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Hackers Can Now Break Into Your Hotel Room

Just when you thought hacking couldn’t go that far, a new scheme hits a fun pastime - traveling.

There’s a new scary threat that hackers have developed which allows them to can break into your hotel room. Cybercriminals engineered a ‘Master Key’ that exploits a vulnerability in hotel keys with an RFID or magstripe. The vulnerability can gather the digital information of a key and this discovery has hotel chains understandably worried.

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There are only a few reports of hotels receiving complaints about a small subset of criminals entering rooms and taking personal items through this technology, but the vulnerabilities in keycard technology suggest it’s only a matter of time before these crimes go mainstream.

How the Master Key Works and is Built
To get a master key to access a room, hackers book a hotel room and copy the data on an electronic keycard, which then gives them access to any room. In some cases, they don’t even need a keycard because the process can be done remotely by standing close to a hotel guest or a hotel employee. The ‘Master Key’ can be unlocked through a design flaw that’s common in most electronic lock systems.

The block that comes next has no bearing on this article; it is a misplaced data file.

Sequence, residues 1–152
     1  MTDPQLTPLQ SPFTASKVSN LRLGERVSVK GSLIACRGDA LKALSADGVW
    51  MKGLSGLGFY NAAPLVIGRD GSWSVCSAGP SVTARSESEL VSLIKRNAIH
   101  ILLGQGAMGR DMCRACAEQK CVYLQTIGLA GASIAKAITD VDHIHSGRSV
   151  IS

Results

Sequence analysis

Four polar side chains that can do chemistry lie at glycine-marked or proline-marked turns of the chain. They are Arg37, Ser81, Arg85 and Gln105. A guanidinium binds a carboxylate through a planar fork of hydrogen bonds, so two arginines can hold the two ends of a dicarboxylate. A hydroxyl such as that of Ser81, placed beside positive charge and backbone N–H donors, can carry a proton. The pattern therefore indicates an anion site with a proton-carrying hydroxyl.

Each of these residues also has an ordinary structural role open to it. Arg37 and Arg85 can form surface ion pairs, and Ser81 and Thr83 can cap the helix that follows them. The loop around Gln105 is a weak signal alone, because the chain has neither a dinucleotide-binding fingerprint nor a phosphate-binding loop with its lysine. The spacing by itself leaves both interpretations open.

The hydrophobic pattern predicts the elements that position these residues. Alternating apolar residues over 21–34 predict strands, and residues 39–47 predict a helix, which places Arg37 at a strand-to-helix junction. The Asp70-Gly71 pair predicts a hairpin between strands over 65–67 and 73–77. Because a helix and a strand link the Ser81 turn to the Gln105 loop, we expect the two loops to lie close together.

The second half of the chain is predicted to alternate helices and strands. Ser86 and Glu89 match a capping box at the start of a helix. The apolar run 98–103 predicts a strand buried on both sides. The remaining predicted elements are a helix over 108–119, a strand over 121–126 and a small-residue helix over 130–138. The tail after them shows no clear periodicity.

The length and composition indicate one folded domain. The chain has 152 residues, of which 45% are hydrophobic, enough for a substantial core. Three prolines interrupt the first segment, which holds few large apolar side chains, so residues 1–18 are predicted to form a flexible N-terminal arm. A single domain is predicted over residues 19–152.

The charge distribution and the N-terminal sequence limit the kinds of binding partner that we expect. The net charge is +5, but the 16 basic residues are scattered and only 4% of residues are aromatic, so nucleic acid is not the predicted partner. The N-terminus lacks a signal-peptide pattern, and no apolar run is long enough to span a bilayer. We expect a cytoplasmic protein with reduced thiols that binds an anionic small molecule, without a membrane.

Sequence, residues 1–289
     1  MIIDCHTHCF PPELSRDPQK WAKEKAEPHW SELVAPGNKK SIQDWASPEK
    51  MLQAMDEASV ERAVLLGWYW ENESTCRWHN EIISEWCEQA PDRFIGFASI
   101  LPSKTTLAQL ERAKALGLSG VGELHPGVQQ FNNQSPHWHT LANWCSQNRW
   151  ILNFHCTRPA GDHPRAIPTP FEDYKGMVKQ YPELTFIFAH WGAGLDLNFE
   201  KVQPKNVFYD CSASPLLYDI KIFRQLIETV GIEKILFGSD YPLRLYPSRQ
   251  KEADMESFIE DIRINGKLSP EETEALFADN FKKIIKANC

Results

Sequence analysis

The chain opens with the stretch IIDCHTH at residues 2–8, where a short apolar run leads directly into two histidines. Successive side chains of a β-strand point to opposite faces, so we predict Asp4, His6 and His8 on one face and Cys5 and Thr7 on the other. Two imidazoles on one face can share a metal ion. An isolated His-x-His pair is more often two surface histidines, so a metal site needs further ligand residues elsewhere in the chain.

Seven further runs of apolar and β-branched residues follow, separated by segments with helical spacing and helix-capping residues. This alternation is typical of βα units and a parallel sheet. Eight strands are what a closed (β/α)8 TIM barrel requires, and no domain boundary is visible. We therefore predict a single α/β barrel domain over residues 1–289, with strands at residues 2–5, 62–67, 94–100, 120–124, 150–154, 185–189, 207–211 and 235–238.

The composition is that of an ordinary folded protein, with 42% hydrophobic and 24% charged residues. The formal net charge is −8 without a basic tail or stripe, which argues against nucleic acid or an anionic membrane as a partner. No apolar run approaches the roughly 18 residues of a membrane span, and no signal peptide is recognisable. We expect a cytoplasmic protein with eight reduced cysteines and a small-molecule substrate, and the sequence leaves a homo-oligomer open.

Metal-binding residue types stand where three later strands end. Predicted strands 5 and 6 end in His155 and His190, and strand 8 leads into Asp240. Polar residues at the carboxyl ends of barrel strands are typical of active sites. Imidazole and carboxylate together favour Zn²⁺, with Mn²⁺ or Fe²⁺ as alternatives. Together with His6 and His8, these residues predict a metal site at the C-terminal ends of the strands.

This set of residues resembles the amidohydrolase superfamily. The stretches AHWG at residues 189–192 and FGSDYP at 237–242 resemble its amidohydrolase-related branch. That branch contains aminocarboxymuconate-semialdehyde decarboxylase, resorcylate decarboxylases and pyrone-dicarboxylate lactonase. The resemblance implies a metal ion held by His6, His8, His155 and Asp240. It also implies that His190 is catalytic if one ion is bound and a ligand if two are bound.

Hackers then buy a portable programmer for a few hundred dollars to overwrite the key and create a master key within minutes. Once this is accomplished, the cybercriminals generally target travelers who store their laptops, passports, and cash in hotel rooms.

How the Key Opens Doors
This device, which is an RFID reader and writer, is simply held close to a door lock. The Master Key will run different key combinations within a hotel’s electronic database in less than a minute, cracking the master key combination to a particular room and unlocking the door. This can be done with a custom-tailored device or by writing the master key back to a hacker’s keycard.

A Temporary Fix
Being alerted to this flaw, Assa Abloy, the company who manufactures the portable programmer issued a software fix to keep hotel guests and their personal items safe. The company recommends that hotels worldwide update their keycard software to ensure these cyber attacks don’t occur in their facilities since new vulnerabilities can show up over time.